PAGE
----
These Major Grocery Could Merge Within The Week

Bloomberg broke the news on Thursday morning that Kroger is in talks to buy Albertsons. It's a deal the news outlet said will result in a "U.S. grocery giant" and what Reuters is saying would be a "supermarket titan." The deal is expected to be decided on very soon. Bloomberg believes the merger may happen any day now. Consultant Burt Klickinger told Reuters that he believe the merger would allow for the two stores to compete more easily with Walmart. 

Walmart is by far the largest grocer in the U.S., garnering 25% of all money spent on groceries. Meanwhile, 8% of all grocery money is spent at Kroger and 5% at Albertsons. Stock shares of Albertsons went up 11% on Thursday while shares of Kroger dropped 1.4%.

By the numbers, Kroger and Albertsons are fairly similar. Kroger currently owns 2,800 stores including Fred Meyer, Ralphs, and King Soopers stores in 35 states. Albertsons owns 2,200 stores such as Safeway, Acme, and Tom Thumb in 34 states and Washington, D.C (via CNBC). A merger that would bring all these stores together would be one of gigantic proportions.

Is the merger good for the American consumer?

But not so fast. Even if the two supermarket stores reach a deal, it still has to be approved by the U.S. government to prevent a monopoly. The investigation would check whether such a merger would negatively impact consumers, according to the New York Times. For instance, soaring prices could be an issue of such a business move, impacting shoppers already on a tight budget due to inflation. Sarah Miller of the American Economic Liberties Project thinks the deal is a bad idea. In an interview with Reuters, she said the merger would "squeeze consumers already struggling to afford food." Miller continued, "This merger is a cut-and-dried case of monopoly power, and enforcers should block it."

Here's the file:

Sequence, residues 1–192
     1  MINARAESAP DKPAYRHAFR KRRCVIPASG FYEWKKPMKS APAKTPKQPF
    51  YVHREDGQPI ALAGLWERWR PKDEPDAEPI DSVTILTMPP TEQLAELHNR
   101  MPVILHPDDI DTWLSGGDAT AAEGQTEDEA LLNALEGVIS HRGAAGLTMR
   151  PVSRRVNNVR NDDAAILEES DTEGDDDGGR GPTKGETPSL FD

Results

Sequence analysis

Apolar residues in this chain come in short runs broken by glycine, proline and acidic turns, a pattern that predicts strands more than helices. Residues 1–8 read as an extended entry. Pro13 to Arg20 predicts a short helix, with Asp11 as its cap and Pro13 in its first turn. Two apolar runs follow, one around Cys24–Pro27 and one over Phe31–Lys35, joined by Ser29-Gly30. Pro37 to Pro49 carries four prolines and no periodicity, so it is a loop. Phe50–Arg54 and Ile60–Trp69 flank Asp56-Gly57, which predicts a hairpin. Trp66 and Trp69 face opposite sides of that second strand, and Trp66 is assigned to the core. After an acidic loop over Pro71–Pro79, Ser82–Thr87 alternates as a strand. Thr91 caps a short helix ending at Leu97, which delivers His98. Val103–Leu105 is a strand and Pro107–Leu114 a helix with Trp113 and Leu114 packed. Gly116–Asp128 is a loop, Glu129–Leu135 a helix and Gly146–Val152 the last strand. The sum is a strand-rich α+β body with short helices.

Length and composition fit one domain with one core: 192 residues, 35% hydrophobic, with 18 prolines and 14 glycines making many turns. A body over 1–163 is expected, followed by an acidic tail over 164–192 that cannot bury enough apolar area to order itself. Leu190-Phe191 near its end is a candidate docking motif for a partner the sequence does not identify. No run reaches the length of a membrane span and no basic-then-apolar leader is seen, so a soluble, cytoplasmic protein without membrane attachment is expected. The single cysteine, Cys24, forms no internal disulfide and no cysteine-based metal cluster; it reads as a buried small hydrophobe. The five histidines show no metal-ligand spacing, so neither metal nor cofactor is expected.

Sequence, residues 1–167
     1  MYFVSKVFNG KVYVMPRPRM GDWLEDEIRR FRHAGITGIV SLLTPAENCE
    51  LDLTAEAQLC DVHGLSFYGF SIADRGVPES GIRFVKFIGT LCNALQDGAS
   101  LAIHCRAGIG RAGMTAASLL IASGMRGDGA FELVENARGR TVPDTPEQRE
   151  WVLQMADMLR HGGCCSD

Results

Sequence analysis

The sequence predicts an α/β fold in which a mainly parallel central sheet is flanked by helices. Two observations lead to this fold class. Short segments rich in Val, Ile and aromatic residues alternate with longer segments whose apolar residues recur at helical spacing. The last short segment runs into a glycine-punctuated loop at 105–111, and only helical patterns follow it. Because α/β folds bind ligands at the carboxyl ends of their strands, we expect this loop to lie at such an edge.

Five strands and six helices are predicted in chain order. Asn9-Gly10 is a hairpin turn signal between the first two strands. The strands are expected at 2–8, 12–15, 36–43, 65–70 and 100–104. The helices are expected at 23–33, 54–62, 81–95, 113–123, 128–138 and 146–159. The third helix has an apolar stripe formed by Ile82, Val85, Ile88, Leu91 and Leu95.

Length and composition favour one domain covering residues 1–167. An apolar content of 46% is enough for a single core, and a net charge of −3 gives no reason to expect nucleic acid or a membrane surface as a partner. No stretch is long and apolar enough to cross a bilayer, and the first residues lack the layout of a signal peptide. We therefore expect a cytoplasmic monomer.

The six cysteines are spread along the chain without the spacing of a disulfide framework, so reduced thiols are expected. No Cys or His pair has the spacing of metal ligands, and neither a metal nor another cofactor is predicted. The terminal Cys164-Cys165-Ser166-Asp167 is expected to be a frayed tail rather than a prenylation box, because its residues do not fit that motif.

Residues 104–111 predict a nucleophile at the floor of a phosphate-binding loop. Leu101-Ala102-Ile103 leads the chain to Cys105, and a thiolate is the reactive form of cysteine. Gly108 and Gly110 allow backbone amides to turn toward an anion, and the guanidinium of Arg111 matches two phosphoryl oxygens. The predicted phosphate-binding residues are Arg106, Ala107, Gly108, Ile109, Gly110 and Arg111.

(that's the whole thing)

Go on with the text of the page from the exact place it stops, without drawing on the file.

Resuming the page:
However, The Krazy Coupon Lady notes acquiring Albertsons would make Kroger a larger grocery, giving it more clout when it comes to buying power and leading to potentially lower prices, like at Walmart. The blog also notes that Kroger's prices are generally cheaper than Albertsons, so shoppers' grocery bills are bound to go down, at least in the short term. It remains seen if a merger takes place or what the results would be.